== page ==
February 1, 1867


Virginia is looking to elect a new governor that will not abide by the rules of the Northerners but to serve the people of Virginia. The officials of the North do not want a "rebel" elected, and the Southern officials counter this by stating that is an inappropriate term as they are not rebels anymore.


In electing a new Governor of Virginia, one important point we trust will be steadily kept in view : we must elect, not the kind of man who is most eligible in the eyes of the people at Washington, but the kind of man who is most eligible to us, the people of this State. We have bad enough of compliance and of self-denying ordinance, and have gained nothing by it. Nobody, not even in Washington, will respect us the more for passing by and ignoring those very men whom we (and they too) know to be the best of our citizens. The new Governor will have an anxious and very important term of office. It is possible that a new question may be pressed upon us similar to the "constitutional amendment," in which the quiet, passive firmness of the southern States may once more stay the revolutionary march of the Radical Congress; may bulwark for awhile the Constitution and the law against this tempest of demagogue rage, and may earn the thanks of all true American citizens hereafter. We shall need, then, a Governor not only able, firm, moderate, and cautious, but also in full harmony and accord with the Legislature and the people. Of course the northern press will at once cry out, this is recommending the election, not of a loyal man, but of a "rebel." It is time to have done with all such slang. There are no rebels in these southern States; not one. When the southerners were in arms for what they felt to be their right, there was no mistake about it: the whole South stood up girt with steel and lire, and the solid continent shook to the tramp and the roar of that "rebellion." When it was all over, and we laid down our arms, there was just as little mistake about it: no cause in all history, which was as fought for so long and so well, ever accepted defeat, and the legitimate conseqnences of defeat, so suddenly, so quietly, so completely. So we beg to inform our northern brethren that there are no rebels here at present, and when there are, the fact will be quite apparent. As for "loyal men," we hold ourselves much more loyal than they are. Loyal, in its meaning, signifies attachment to law and respect for law: and herein precisely in our sole hope and chance at present. It is we who are standing upon the law, and the reconstructors of the Supreme Court and parricides of the Constitution presume to term us "disloyal men." In saying, then, that we must elect this time for Governor a man who is eligible to us, not to them, we mean to say a man who is loyal, loyal to the laws of the land and to the Constitution of the United States, and who will do all that man may do to keep them inviolate during his term of office. In other words, we mean a man who was a devoted and faithful Confederate, dum fuit Ilium, and who, by the zeal and ability with which he did his duty to he will do his duty now again in these altered circumstances. The main essential is to make sure that our Governor be a representative Virginian of the highest type. Then, come what may, the Commonwealth will feel assured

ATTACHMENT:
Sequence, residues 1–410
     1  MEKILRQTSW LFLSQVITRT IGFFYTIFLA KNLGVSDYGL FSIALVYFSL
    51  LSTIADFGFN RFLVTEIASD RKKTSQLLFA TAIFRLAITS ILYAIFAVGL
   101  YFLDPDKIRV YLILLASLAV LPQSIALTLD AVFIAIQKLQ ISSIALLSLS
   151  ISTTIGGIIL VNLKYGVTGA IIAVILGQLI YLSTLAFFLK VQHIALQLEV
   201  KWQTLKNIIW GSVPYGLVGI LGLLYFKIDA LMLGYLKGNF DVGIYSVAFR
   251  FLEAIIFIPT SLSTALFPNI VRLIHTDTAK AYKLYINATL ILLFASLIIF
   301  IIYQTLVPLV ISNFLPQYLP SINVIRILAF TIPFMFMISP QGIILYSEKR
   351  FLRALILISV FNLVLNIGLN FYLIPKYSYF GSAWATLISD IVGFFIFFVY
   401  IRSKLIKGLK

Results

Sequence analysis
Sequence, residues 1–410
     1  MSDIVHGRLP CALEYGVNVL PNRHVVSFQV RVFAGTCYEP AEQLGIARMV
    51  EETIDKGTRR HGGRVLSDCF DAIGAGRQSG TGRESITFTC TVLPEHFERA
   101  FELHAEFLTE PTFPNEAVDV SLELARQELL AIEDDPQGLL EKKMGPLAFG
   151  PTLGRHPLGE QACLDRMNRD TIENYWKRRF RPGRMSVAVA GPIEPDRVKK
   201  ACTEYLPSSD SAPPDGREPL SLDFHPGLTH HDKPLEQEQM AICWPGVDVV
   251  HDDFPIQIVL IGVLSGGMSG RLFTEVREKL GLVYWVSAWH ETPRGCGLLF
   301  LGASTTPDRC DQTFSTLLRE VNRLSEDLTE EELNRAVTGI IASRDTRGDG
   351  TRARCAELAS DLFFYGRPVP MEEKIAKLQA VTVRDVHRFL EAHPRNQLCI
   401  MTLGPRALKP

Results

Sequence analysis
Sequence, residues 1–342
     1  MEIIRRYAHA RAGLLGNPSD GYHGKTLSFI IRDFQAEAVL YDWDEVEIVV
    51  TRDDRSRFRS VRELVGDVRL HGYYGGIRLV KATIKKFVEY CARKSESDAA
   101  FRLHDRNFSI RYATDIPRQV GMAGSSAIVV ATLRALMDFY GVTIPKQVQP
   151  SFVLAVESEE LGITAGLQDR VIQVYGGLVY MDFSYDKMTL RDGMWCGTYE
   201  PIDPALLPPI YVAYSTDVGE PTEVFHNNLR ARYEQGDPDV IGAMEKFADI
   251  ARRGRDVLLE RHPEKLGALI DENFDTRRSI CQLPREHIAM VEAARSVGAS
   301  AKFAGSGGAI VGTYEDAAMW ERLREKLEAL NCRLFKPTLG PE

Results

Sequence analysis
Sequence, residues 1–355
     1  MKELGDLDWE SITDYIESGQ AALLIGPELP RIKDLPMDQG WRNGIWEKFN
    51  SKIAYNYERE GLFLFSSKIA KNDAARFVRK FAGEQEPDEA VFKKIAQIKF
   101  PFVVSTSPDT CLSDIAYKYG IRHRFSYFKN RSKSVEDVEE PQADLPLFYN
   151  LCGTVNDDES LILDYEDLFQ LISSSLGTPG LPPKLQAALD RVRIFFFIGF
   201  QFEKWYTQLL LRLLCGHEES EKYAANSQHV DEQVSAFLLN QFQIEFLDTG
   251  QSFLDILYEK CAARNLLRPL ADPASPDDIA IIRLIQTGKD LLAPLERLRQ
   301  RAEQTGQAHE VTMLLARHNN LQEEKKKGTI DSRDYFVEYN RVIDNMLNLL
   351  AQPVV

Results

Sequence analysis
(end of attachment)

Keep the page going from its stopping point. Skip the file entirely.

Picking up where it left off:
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Walker Black




“Gubernatorial,” Reconstructing Virginia, accessed December 15, 2019,